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India

Galerie Art Eterne

Exhibition Detail
India At Crossroads!!!
Curated by: Mrinmoyee Ray
F 228, Lado Sarai Village,, Next to Mother Dairy
110030 New Delhi
New Delhi
India


October 1st, 2010 - October 21st, 2010
Opening: 
October 1st, 2010 11:00 AM - 7:00 PM
 
, Jyoti HattarkiJyoti Hattarki
© Courtesy of the artist & Galerie Art Eterne
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Indian life has its roots in Indian villages and it is in villages that real India lives. Today when the region is growing into a major economic force and Indian cities are attracting people from all over the world, Indian rural life continues to dominate the Indian psyche. In an amazing collection of eleven emerging artists of India, this exhibition gives one the glimpses of that vast, illusive India that shows its traces everywhere: at great metropolitan centres, at smaller satellite townships, at district head quarters and finally at villages and hoblis.

Jyoti Hattarki’s stylized figures of rural folk complete with male and female accessories, gives one the flavor of the serenity of India’s vast and diverse countryside. It is this India whose traces can also be seen in the lives of those who live in India’s great urban centres. Shantkumar’s portraits of musicians, string players, and drummers who traverse the rural-urban divide regularly to perform for a living show this tension in subtle and yet forceful ways.

On the other end of the spectrum are paintings of Sumita Acharya that deal with the changes in life styles of urban Indians obsessed with brand loyalty and share markets and the paintings of Sunitha Subramaniyam that deal with the loneliness that engulf the urban Indian. She makes use of mannequins and masks as props and together with Sumita present a contemporary style.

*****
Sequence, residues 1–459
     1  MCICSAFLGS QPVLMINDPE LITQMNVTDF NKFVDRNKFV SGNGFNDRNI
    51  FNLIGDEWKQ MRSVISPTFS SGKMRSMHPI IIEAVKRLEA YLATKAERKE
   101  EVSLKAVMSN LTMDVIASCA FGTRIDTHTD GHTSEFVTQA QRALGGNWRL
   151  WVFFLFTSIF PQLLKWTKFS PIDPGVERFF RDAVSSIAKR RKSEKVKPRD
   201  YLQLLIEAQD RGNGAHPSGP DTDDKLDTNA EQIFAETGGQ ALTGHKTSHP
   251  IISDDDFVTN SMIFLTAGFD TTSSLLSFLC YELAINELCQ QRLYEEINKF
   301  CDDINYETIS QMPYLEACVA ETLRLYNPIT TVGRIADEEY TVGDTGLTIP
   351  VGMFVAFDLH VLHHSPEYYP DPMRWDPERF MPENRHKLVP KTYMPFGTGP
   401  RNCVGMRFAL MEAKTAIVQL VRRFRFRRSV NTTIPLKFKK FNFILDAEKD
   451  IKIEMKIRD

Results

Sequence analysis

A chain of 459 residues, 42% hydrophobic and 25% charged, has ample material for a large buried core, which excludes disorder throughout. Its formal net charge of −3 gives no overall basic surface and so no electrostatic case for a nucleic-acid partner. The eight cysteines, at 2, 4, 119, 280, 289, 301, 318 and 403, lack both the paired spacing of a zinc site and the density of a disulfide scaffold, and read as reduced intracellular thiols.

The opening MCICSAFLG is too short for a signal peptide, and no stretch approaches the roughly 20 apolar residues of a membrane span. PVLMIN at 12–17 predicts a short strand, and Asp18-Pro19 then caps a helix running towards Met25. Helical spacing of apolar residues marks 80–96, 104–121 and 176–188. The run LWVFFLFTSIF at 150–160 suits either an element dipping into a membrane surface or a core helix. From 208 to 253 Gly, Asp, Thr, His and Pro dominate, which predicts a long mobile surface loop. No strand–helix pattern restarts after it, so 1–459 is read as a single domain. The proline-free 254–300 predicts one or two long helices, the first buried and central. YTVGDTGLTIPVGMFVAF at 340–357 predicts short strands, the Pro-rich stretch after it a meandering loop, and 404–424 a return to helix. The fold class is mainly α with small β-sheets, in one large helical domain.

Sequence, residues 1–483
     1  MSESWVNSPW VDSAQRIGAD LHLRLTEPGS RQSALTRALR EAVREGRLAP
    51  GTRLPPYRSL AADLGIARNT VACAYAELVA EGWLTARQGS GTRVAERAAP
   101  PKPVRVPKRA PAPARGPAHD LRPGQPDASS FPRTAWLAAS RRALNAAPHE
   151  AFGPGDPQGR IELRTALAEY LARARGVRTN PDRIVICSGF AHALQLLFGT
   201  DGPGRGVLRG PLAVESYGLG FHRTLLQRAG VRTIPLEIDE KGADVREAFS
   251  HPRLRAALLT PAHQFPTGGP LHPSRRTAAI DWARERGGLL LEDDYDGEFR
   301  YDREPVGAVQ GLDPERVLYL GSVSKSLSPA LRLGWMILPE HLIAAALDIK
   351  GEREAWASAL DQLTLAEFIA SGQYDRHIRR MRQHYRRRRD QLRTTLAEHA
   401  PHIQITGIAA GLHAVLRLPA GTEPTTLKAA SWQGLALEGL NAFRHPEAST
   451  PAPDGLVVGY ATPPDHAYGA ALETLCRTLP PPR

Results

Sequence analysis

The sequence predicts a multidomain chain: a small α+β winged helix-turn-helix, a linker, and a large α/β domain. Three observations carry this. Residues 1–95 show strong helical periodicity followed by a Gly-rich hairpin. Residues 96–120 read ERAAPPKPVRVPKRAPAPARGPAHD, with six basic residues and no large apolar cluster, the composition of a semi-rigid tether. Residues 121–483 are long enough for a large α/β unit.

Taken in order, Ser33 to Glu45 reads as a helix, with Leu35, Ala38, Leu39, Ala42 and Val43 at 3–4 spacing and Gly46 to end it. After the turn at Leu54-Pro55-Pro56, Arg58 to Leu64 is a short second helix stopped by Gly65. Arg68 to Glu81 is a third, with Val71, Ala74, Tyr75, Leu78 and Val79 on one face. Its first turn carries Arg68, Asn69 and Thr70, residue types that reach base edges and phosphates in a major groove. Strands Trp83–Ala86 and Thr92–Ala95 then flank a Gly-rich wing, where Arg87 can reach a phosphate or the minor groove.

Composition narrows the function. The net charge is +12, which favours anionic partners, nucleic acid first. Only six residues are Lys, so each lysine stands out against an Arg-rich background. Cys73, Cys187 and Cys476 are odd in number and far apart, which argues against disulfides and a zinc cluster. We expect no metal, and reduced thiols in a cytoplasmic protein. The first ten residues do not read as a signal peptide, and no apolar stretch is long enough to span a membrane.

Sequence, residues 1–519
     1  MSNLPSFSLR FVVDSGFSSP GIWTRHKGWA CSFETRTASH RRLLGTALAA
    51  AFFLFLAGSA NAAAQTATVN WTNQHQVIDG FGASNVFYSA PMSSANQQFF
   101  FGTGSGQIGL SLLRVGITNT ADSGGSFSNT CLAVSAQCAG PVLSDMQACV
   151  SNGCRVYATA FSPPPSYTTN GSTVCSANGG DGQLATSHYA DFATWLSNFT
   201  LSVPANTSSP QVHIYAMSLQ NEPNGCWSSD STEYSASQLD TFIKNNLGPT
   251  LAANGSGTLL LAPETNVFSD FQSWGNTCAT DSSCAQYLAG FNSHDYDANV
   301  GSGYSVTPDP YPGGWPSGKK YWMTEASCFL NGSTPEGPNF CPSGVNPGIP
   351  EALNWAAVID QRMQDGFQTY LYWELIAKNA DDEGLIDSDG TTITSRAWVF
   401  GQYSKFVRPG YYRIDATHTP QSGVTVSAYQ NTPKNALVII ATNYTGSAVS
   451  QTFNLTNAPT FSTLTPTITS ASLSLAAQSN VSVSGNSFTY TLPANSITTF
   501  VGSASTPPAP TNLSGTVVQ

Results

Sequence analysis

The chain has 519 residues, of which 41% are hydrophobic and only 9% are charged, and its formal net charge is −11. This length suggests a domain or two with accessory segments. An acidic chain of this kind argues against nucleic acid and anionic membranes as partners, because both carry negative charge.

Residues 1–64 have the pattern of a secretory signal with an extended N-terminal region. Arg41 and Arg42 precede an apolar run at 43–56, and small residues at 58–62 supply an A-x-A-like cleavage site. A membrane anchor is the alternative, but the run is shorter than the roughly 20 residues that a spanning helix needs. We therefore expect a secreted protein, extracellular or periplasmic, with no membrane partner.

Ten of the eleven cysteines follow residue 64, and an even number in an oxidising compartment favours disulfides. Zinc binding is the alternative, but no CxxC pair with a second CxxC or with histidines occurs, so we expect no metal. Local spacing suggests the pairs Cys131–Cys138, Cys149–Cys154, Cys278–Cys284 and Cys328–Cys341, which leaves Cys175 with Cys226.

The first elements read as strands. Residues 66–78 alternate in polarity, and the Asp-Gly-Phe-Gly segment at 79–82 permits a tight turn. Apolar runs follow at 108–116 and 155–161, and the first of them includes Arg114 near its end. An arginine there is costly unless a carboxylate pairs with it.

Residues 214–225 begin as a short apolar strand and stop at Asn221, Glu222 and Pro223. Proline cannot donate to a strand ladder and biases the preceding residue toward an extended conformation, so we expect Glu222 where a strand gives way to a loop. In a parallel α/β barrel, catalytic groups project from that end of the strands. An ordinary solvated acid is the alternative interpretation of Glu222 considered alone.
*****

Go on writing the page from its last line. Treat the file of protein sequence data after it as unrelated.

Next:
There are two abstractionists also in the group Raushanallah Y and Sadhana, presenting works which are very cerebral and intense in rendering. Their works are at once contemporary and international as they are Indian and philosophical.

Pritam Priyalochan’s semi-abstract works make use of Indian icons, cattle and domestic foul to demonstrate Indian ethos in its myriad manifestations.

Indian ethos enters into Indian life not just through rural moorings but also through another important force: religion. Mangesh Kale’s demonic figures, bearing symbols of Hindu iconography and Harish Kumar’s portrayal of Indian legends of Krishna and Buddha and finally Paramesh Paul’s paintings of Benares Ghats where Hindus finally go to confront death completes the cycle of Indian life.
Together the paintings of these eleven emerging names in Indian art give one the glimpses of India at the crossroads of modernity and tradition.


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